A Collaboration with the University of Pittsburgh

UN begins arms treaty negotiations

The UN Office for Disarmament Affairs [official website] on Monday began negotiating a treaty to regulate the arms trade and prevent guns from entering conflict zones. The Arms Trade Treaty Preparatory Committee (PrepCom) [official website], established following a 2008 report [text] by the Group of Governmental Experts, has been examining the scope and draft parameters of a 2006 resolution [JURIST report] in order to make recommendations on an international, legally binding arms treaty. After fully considering the findings and recommendations of the PrepCom, the UN General Assembly [official website] plans to finalize the treaty [Reuters report] in 2012. The Control Arms Campaign, a network including Amnesty International (AI), Oxfam and Instituto Sou da Paz [advocacy websites], has called on the UN to draft an effective treaty regulating all weapons, ammunition and related equipment [press release]. In outlining the need for an effective treaty, the organizations explained:

Half of the world's poorest people live in states that are at risk of, or experiencing, violent conflict. Conventional arms, especially small arms, light weapons and associated ammunition, are used for the majority of grave human rights violations. Now is the time for an Arms Trade Treaty that really protects people, not just states.
In addition to strong arms regulation, the Control Arms Campaign is advocating for the treaty to contain specific international human rights, humanitarian law and sustainable development criteria. While 151 of the 192 UN member states voted to begin formal negotiations in December 2009, 19 states, including Russia, China, India and Pakistan, have consistently abstained in the General Assembly votes on the Arms Trade Treaty, with Zimbabwe voting against.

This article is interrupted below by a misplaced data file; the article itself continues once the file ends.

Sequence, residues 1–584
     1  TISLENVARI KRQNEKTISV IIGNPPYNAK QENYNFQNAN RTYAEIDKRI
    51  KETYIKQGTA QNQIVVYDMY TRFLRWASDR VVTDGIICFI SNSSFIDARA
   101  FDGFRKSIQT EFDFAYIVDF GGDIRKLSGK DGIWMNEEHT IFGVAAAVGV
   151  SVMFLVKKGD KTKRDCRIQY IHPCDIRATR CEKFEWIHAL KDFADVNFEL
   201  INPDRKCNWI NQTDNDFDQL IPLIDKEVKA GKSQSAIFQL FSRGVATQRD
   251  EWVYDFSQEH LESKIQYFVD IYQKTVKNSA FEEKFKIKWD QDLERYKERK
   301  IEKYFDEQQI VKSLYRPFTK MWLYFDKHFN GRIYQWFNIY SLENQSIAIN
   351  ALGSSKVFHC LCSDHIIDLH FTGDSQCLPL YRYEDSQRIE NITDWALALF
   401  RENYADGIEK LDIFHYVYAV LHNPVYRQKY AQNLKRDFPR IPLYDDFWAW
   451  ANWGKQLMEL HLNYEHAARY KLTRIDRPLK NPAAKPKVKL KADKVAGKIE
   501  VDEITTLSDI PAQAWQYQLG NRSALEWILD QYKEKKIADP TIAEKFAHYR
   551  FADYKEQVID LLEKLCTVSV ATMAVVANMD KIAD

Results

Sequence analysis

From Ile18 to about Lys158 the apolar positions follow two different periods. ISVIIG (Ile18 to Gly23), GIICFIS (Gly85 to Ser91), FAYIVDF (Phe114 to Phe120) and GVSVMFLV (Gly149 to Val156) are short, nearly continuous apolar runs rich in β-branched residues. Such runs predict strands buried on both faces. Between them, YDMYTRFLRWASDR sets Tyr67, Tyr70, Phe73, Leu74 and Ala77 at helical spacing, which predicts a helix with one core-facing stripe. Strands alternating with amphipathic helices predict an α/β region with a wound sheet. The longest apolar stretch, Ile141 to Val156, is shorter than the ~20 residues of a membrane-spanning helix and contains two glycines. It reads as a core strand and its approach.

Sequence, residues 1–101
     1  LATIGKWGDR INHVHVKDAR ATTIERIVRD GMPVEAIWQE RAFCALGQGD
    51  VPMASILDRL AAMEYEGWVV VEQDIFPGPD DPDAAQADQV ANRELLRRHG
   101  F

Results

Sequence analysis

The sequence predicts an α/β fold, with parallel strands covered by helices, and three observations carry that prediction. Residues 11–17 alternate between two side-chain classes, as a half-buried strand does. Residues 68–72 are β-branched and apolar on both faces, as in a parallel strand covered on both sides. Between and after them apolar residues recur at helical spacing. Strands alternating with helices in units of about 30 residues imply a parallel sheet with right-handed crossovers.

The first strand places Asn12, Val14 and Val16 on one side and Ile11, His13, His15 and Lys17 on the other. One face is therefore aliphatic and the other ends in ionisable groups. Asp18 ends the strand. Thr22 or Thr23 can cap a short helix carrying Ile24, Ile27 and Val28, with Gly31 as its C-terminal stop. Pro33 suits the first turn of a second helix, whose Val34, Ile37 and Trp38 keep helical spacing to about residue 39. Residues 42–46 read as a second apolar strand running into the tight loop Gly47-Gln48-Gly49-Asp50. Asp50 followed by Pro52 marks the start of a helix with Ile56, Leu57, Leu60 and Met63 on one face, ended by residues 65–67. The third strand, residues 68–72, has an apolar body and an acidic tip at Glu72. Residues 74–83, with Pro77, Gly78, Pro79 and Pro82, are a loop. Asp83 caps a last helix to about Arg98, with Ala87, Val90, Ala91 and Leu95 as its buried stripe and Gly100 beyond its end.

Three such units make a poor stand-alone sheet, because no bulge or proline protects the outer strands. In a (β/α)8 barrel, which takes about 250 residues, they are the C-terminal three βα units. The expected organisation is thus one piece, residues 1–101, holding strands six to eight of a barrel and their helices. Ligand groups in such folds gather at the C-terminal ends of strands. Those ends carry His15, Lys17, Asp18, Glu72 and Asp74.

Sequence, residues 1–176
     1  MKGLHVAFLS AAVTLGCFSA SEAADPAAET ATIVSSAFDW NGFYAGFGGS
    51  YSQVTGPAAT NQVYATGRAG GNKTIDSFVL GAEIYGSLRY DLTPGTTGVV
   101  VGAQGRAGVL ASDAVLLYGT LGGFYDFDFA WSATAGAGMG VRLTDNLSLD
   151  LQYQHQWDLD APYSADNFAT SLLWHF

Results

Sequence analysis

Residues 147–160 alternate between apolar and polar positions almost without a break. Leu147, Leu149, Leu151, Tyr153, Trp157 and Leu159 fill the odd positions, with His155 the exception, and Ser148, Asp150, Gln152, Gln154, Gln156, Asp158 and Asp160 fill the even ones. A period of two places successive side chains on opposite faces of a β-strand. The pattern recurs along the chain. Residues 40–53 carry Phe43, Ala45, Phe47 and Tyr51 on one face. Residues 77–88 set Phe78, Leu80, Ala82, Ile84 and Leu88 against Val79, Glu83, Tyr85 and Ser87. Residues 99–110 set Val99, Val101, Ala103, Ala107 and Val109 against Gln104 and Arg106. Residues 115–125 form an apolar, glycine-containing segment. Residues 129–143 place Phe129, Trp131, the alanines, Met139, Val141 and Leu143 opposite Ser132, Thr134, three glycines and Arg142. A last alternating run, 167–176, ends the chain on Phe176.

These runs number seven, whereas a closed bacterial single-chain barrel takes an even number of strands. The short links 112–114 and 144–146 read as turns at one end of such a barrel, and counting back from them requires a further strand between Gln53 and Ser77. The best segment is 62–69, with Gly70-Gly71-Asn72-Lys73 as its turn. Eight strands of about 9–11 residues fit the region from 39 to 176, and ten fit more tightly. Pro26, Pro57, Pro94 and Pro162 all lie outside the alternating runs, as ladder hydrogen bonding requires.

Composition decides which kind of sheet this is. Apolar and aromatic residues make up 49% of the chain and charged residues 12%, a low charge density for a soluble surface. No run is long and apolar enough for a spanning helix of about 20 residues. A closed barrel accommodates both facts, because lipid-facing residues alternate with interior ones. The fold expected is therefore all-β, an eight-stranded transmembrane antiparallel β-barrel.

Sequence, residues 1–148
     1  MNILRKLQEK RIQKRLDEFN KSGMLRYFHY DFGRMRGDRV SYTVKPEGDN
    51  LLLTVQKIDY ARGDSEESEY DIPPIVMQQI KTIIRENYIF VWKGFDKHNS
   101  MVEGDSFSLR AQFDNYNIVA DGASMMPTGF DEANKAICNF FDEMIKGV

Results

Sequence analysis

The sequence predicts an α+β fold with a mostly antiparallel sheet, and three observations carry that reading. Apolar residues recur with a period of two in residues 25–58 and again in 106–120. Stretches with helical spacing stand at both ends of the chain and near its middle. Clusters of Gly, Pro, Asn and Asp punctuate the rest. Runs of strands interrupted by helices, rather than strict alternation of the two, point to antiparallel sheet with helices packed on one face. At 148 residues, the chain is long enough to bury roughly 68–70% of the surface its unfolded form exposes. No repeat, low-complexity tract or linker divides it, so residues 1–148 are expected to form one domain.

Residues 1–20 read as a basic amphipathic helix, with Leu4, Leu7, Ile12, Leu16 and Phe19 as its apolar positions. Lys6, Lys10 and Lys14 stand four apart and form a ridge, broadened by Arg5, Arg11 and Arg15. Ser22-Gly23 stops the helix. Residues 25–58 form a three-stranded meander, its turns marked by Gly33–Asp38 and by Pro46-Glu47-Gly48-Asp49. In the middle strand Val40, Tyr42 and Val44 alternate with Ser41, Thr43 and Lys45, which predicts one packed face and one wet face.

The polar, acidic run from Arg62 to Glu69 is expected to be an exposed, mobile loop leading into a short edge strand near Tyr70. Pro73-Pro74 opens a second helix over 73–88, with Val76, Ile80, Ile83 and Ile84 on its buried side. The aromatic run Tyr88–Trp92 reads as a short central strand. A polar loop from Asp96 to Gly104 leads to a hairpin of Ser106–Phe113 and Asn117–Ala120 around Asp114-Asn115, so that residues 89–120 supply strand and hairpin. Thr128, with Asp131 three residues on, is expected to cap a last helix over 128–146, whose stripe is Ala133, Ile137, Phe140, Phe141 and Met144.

In May, UN Secretary-General Ban Ki-moon [official website] urged Central African nations to adopt a legally binding instrument [JURIST report] to combat illicit arms trafficking. In March, UN officials warned that arms trafficking was interfering with development [UN News Centre report] in Central Africa's security and justice by increasing cross-border crime. Also in March, the UN Office on Drugs and Crime (UNODC) [official website] reported [text] that Africa suffers the most casualties as a result of the global illicit arms trade market. In April, US President Barack Obama and Russian President Dmitry Medvedev [official profiles] signed the New START treaty [JURIST report], pledging to reduce their countries' nuclear warheads by about 30 percent. The treaty agreement was reached [JURIST report] in February, and is the first nuclear arms control agreement between the two nations in nearly 20 years.

About Paper Chase

Paper Chase is JURIST's real-time legal news service, powered by a team of 30 law student reporters and editors led by law professor Bernard Hibbitts at the University of Pittsburgh School of Law. As an educational service, Paper Chase is dedicated to presenting important legal news and materials rapidly, objectively and intelligibly in an accessible format.

© Copyright JURIST Legal News and Research Services, Inc., 2013.